Platinum’s rare nature gives it additional value and appeal

Huw Daniel is the CEO of Platinum Guild International, overseeing market development activities in China, Japan, India and the USA, on behalf of the platinum producers of South Africa. Before taking up this role in 2015, Huw ran PGI USA for 12 years...

13 september 2021

Marco Carniello: We want to continue to be the engine boosting the jewellery industry

Italian Exhibition Group (IEG) is a leader in Italy in the organisation of trade fairs and one of the main operators in the trade fair and conference sector at European level, with structures in Rimini and Vicenza, as well as further sites in...

06 september 2021

There is a significant need for smart and technological financial solutions in the diamond industry

MDPS, the Israeli start-up Fintech company from the Mazalit Group is gearing up to enter the diamond industry soon. Zeev Maimon, the CEO of MDPS is also the Founder / CEO of MAZALIT, a B2B payment platform designed and dedicated to the global diamond...

30 august 2021

The future for synthetics lies in that it has become possible to grow a stone you want and make what you want out of it

Alex Popov, President of the Moscow Diamond Exchange and head of the Âme jewelry brand, which uses lab-grown diamonds to produce jewelry, sat for an interview with Rough&Polished sharing his views on the coexistence of natural and man-made diamonds in...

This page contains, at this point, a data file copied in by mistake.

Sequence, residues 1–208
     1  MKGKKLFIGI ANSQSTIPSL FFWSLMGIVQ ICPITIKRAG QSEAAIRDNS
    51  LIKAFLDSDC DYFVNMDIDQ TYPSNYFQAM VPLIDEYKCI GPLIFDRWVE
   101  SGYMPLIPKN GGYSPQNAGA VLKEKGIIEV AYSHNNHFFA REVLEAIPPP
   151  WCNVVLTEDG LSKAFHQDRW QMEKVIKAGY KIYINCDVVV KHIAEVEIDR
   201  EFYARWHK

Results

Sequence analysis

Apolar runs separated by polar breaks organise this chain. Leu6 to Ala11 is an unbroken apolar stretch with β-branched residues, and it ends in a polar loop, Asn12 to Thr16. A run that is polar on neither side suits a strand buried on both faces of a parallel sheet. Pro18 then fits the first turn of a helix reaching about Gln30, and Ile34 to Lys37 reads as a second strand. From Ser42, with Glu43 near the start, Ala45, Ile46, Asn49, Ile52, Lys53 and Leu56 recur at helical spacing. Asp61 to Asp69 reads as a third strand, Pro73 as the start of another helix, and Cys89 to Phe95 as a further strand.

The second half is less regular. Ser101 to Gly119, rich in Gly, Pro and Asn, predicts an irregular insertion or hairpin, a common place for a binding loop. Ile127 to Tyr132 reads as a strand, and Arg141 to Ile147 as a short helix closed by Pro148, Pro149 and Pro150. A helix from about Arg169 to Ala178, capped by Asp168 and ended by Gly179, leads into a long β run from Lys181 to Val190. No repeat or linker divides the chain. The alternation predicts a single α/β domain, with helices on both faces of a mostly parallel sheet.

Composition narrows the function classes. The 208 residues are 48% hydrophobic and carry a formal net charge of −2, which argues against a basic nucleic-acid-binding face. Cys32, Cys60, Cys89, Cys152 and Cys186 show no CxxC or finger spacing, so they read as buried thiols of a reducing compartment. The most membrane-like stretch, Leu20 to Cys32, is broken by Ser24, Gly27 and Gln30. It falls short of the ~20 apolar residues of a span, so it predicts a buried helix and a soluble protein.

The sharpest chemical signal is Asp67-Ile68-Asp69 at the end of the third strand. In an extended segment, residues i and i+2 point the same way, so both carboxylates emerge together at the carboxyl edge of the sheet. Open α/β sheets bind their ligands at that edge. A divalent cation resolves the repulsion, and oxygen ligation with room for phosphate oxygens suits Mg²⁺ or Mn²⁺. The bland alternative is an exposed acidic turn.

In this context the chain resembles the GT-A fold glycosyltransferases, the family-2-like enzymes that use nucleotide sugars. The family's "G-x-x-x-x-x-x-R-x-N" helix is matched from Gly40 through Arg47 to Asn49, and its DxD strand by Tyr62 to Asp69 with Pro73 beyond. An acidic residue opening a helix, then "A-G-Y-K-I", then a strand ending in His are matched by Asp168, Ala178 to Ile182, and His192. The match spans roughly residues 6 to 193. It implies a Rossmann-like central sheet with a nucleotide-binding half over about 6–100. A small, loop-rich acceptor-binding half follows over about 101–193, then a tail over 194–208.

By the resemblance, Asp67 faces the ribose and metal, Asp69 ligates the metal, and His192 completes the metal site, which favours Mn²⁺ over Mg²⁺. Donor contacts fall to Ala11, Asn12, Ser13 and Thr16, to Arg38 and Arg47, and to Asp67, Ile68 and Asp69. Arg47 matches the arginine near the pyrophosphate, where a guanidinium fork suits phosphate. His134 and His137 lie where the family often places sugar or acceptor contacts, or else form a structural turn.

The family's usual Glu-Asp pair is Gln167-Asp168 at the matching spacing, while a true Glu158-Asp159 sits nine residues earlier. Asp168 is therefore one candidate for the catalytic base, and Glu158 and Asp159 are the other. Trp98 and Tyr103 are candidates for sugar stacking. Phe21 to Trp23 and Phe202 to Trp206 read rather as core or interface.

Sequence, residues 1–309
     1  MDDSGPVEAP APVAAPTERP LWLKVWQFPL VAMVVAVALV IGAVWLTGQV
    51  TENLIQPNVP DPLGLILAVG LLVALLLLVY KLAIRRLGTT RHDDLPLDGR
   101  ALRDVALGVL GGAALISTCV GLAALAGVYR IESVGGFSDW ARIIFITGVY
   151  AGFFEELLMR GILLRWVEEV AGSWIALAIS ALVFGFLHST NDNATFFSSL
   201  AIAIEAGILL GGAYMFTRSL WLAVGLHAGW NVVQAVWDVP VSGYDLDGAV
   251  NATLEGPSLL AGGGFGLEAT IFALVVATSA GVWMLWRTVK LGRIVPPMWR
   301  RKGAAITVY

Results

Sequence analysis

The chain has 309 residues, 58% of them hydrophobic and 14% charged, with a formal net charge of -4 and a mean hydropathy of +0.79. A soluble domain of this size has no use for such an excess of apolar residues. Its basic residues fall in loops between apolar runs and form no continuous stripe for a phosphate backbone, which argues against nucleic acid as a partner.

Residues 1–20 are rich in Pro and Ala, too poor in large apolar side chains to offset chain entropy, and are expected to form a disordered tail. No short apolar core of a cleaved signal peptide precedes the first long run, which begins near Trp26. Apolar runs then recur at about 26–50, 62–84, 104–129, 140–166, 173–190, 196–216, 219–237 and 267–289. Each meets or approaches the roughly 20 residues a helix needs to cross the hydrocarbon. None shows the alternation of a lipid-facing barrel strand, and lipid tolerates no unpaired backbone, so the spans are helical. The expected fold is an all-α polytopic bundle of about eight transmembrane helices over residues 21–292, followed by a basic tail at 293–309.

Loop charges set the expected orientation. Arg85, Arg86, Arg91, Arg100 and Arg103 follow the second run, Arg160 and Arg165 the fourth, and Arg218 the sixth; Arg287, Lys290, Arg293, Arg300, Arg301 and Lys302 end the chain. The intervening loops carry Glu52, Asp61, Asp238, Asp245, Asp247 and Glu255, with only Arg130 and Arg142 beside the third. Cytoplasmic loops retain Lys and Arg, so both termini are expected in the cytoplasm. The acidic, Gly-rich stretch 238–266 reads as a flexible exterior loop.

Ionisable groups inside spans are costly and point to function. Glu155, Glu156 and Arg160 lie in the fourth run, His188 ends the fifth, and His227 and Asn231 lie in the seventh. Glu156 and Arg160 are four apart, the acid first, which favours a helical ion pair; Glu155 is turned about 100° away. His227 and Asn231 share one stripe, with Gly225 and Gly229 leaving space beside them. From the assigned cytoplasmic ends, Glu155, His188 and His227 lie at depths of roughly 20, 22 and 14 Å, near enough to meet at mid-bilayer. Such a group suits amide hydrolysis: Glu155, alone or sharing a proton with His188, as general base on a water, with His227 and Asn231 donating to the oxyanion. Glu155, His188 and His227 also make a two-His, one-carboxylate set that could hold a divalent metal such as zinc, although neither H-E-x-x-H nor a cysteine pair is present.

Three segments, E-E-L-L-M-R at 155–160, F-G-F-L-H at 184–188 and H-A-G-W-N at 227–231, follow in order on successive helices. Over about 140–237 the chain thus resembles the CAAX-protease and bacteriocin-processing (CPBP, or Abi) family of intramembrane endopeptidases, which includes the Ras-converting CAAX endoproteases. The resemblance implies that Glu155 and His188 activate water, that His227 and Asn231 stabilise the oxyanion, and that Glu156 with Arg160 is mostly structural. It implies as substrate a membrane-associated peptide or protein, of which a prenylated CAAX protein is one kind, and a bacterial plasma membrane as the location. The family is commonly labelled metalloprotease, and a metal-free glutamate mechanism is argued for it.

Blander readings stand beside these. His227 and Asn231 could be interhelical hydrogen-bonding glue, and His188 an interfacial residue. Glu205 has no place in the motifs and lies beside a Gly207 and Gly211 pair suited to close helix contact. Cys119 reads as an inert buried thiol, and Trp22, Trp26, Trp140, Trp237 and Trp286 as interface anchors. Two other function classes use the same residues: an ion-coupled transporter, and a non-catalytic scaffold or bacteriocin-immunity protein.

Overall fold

23 august 2021

De Beers’ GemFair ropes in more than 160 Sierra Leone artisanal miners

De Beers inaugurated its GemFair pilot programme in Sierra Leone’s Kono District with 14-member mine sites in 2018 to create a secure route to market for ethically sourced artisanal and small-scale diamonds. GemFair programme manager Ruby Stocklin-Weinberg...

16 august 2021

Player No. 3

10 august 2020

igor_kulichik.pngThe current man-made global crisis has all the chances to dramatically change the landscape of the global diamond industry. I am not saying that the habits of the world’s richest people in the way they consume luxury goods will change greatly (there will be changes, but evolutionary, not revolutionary - this class will never refuse to buy diamonds, LVMH products or airplanes and yachts), I just want to draw your attention to businesses engaged in diamond mining.

Due to the fact that the current crisis, caused by the pandemic, forces entire countries and regions to get physically isolated grinding the trade turnover in the global diamond pipe to a halt with no one able to predict any prospects for its recovery, it is premature to talk about the timing for this recovery until India, as the main participant in the natural circulation of stones, will not come out of lockdown. Add to this Antwerp’s diamond trading platforms, which practically did not work for three months and now are just beginning to restore trading activity.

All this led to a massive loss of liquidity in the global diamond pipeline and put individual enterprises on the brink of survival. If the flagships of the industry, De Beers and ALROSA, can afford to practically stop trading and spend the resulting free time to optimize production and increase work efficiency (which both declare in their press releases), the companies, which do not belong to the top league, but stay in the first league are facing problems, which require major changes to survive.